The caterwauling in the Daniels controversy about the importance of academic inquiry is particularly rich, given that Zinn didn't believe in it. He had no use for objectivity and made history a venture in rummaging through the historical record to find whatever was most politically useful, without caring much about strict factual accuracy. "Knowing history is less about understanding the past than changing the future," he said.

He joined his propagandistic purpose to a moral obtuseness that refused to distinguish between the United States and its enemies, including Nazi Germany.
 
Daniels was right not to want Indiana school kids to be subjected to Zinn in the classroom (what they choose to read on their own time is another matter), and right to worry that "A People's History" was part of teacher training. The former governor's critics are willing to look the other way at Zinn's transgressions against his own academic discipline; for them, defending a fellow man of the left and shouting "censorship" are more important and congenial pursuits than maintaining standards.
 
The sin of Mitch Daniels, it turns out, is to take history more seriously than they do.
 
Rich Lowry is the editor of National Review and author of the new bestseller “Lincoln Unbound: How an Ambitious Young Railsplitter Saved the American Dream — and How We Can Do It Again.” He has written for The New York Times, The Washington Post, The Wall Street Journal, Los Angeles Times, and a variety of other publications. Read more reports from Rich Lowry — Click Here Now.
 
 
 

© King Features Syndicate

Share:
  Comment  |
   Contact Us  |
  Print  
  Copy Shortlink
Around the Web
Join the Newsmax Community
Please review Community Guidelines before posting a comment.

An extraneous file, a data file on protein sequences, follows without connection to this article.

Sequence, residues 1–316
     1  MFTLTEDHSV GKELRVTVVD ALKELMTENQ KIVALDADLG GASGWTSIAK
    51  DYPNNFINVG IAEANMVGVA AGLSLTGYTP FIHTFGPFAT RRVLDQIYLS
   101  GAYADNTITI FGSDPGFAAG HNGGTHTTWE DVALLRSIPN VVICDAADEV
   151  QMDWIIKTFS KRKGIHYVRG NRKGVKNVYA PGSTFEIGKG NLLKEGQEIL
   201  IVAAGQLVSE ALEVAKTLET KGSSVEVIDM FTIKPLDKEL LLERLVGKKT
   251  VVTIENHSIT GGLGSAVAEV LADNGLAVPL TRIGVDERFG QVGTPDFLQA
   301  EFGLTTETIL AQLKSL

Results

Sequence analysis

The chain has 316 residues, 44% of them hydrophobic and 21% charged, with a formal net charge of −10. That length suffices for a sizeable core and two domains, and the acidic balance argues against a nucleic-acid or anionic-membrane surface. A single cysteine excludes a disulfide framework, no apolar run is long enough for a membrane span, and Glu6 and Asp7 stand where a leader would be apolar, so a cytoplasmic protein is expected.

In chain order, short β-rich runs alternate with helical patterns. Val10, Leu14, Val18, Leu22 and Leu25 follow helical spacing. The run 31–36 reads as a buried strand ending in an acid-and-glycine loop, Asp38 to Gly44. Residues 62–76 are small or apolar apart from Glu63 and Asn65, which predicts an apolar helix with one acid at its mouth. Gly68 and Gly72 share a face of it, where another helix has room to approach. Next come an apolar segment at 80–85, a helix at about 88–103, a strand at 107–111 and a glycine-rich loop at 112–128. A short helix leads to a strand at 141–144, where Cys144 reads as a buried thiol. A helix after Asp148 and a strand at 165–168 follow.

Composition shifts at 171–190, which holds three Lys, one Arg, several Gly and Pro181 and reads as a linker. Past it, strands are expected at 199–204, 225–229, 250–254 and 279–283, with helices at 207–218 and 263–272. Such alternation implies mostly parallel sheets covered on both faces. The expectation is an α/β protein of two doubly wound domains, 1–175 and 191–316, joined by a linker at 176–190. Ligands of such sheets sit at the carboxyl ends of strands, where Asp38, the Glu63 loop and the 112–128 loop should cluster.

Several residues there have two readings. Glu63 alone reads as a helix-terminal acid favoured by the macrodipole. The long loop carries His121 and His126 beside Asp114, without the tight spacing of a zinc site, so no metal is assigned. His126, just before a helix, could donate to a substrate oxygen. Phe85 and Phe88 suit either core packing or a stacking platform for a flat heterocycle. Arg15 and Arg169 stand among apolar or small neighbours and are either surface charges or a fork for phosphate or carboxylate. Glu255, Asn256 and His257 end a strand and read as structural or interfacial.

>> Register to share your comments with the community.
>> Login if you are already a member.
blog comments powered by Disqus
 
Email:
Country
Zip Code:
Privacy: We never share your email.
 
Hot Topics
Follow Newsmax
Like us
on Facebook
Follow us
on Twitter
Add us
on Google Plus
Around the Web
Top Stories
You May Also Like

Climate Marchers Trample the Facts

Tuesday, 23 Sep 2014 09:22 AM

Anti-climate-change marchers took to the streets of Manhattan, N.Y., in the hundreds of thousands over the weekend to de . . .

Outrage at NFL Makes Good Ratings

Friday, 19 Sep 2014 09:44 AM

During the past few weeks, two sets of initials have dominated the news, ISIL and NFL, and the casual listener would be  . . .

Hit ISIS, Move Past Stunning DC Indecision

Tuesday, 16 Sep 2014 09:24 AM

We have as close to a national consensus as possible in the war against ISIS. And yet Congress can't bring itself to vot . . .

Most Commented

Newsmax, Moneynews, and Independent. American. are registered trademarks of Newsmax Media, Inc. Newsmax TV, NewsmaxWorld, NewsmaxHealth, are trademarks of Newsmax Media, Inc.

 
NEWSMAX.COM
America's News Page
©  Newsmax Media, Inc.
All Rights Reserved